Sunday, March 22, 2015

Watching a great teacher work: What I learned in acting class on Sunday

Since I've gotten involved in many back and front stage aspects of the theater out here in Rockaway, I've learned to appreciate live theater in so many ways - from set design, lighting, sound and the essentials of acting.

There are reasons to go see revivals because different actors - and more important, directors, bring a wide variety of prespectives to the play and the various roles.

Thus my recent visit (I'm a Mad Man About Peggy) to The Heidi Chronicles with Mad Men's Elizabeth Moss' unique interpretation was just one slice of how that play could have been presented. (The Times gave it a top-level review).

I've been taking a Sunday morning acting class at the Rockaway Theatre Company (RTC) with 28-year old Frank Ciaiti, a guidance counselor in the DOE, my 3rd or 4th class with Frank in the past 6 years. Frank was trying full-time acting when I met him and is now bringing his wide-ranging talents to his middle school in Brooklyn.

He was recruited to RTC over a decade ago as a student at Leon Goldstein HS in Brooklyn by some of his teachers there who are mainstays at RTC.

So in this class people are teamed to rehearse and perform a scene. My partner is a young NYC Queens middle school theater teacher. She chose a scene for us to do from "On Golden Pond" - where I play the Henry Fonda "dad" role - and my name is Norman, so that solves one memory issue. She plays the Jane Fonda daughter part. This is the famous reconciliation scene on the dock, with dad in the row boat and daughter on the dock. They never got a along. With great difficulty, she makes the first move. After we did a run through Frank jumped in with pointers. Since we are both static we needed a way to avoid each other so Frank told me not to look at her and to be fishing so I had something to occupy myself. I also played it with some sarcastic responses which he felt was not the way to do it -- but dad does say somethings that hurt daughter. So we do the scene and when I say these words, she starts to cry-- really cry. She tapped into something that made her emotional. Holy shit! Acting 101. She had to pull herself together. I have seen that on stage and always took if for granted. But to play an active role in it makes me appreciate acting for all it's worth. J is a wonderful actress - I've seen her in a few roles, notably as one of the stewardesses in Boeing Boeing and as one of the strippers in Gypsy. What a treat to be working with her -- and to have Frank to guide us.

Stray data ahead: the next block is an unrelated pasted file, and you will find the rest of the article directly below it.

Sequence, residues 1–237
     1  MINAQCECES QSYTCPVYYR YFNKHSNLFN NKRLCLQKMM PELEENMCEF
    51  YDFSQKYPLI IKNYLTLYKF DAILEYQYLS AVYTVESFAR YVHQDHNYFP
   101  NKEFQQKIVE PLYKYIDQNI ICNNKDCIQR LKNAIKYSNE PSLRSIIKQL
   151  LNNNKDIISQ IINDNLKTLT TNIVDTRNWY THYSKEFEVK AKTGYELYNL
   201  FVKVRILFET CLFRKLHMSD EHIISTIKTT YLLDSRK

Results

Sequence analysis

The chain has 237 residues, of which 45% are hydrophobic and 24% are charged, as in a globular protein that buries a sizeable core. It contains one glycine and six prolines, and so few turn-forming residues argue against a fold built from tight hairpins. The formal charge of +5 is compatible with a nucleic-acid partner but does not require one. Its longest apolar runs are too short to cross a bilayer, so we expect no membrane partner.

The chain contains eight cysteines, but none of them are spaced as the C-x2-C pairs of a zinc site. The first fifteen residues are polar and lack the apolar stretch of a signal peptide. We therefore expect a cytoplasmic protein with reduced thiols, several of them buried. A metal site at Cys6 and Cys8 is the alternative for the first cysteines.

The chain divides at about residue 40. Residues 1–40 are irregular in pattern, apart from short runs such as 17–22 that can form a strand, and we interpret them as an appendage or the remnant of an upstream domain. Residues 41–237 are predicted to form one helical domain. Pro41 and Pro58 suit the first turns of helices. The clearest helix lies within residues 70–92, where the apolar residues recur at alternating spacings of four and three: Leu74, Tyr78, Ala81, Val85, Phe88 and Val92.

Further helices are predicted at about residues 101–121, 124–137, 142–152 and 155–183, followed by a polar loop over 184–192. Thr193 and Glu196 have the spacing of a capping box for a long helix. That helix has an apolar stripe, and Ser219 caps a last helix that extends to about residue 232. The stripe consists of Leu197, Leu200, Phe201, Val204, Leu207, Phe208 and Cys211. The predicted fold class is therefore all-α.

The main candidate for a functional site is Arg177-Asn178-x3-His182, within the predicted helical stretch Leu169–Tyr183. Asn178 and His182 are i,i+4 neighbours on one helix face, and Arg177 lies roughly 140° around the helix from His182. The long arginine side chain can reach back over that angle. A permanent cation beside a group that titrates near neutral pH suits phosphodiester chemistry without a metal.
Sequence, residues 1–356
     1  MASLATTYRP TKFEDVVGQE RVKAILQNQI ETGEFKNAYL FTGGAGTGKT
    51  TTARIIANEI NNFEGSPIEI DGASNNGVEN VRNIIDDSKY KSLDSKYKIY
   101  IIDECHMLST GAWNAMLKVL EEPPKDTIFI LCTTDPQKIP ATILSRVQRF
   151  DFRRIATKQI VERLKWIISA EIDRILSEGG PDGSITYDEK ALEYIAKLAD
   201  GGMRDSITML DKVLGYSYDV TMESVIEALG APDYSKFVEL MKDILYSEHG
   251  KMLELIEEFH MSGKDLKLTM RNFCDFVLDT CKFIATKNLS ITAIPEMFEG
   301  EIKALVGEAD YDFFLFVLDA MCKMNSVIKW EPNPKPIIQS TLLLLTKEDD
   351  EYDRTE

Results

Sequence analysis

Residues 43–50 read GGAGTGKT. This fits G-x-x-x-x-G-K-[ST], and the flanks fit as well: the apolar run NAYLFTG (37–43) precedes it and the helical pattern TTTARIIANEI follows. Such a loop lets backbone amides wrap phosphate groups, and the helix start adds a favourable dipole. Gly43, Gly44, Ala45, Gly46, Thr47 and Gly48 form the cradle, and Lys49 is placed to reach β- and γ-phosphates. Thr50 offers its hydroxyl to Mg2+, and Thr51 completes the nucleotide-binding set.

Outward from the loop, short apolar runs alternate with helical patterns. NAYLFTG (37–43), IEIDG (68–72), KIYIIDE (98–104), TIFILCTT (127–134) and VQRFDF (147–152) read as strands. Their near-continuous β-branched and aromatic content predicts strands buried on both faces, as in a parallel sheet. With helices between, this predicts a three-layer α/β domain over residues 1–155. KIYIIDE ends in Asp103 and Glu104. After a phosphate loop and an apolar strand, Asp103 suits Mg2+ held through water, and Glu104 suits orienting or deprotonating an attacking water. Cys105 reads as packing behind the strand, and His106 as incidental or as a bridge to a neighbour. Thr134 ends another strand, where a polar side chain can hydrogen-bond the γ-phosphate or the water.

There were other scenes performed today where Frank jumped in to guide people. In The Graduate, an older Mrs. Robinson had to seduce young Benjamin. The actress, a woman probably around 60 - a retired DOE teacher I believe - was working with a 23 year old - and seemed uncomfortable in going far enough to make the scene effective. Frank yelled -- "you want to screw him - every single line - even innocuous ones - must have that behind it. Stop being a Jewish grandmother." Then he tells her to touch him. She grazes his shoulder. Frank laughs. "Grab his inner thigh," he orders. I won't go on -- but this is amazing teaching.

And here is one more. Arthur Miller's "View From the Bridge" a Brooklyn waterfront drama. The 2010 revival with Scarlett Johansson and Liev Schreiber, got good reviews.

This scene is between the wife and husband - he has a thing for the Johansson 17-year old house guest and is covering it up with anger at the young guy who is pursuing her - his wife gets what is going on. Now these are 2 veteran RTC actors - he played the Joe Hardy role in Damn Yankees and she had done many roles. So it was fascinating to see how Frank broke down the spots where each of them needed to ratchet things up or down. This was like going to a literary class studying the play. Much better of course. The emotion that emerged in different ways and how Frank adjusted things to get the emotion out at different times - and how skillfully the actors responded on a dime was like opening a window into so much I have always taken for granted regarding live theater.

Tomorrow we go to see Gigi -- and I think with some insights I might not have had before today.

Add on
So I also help build the sets. Last Wednesday I was using a gas powered framing nail gun and had my hand too close when I shot the nail on an angle and the tip of the nail clipped a bit of my palm. There was little blood and I put a bandage on it and some peroxide and took some Advil. But it's been bothering me and by Saturday's end of the NYCORE conference, even though some of my favorite people were going to the after-party at 6PM I felt I had to go home and take care of it. This morning I went to a local urgent care clinic and it is infected and I got some anti-biotics and some cream. It's burning like a bitch but here's hoping flesh-eating bacteria is staying away.

Lesson learned: Keep my free hand far away from certain tools. And go to the doctor sooner rather than later --I'd take a photo of my hand but you don't want to see that.


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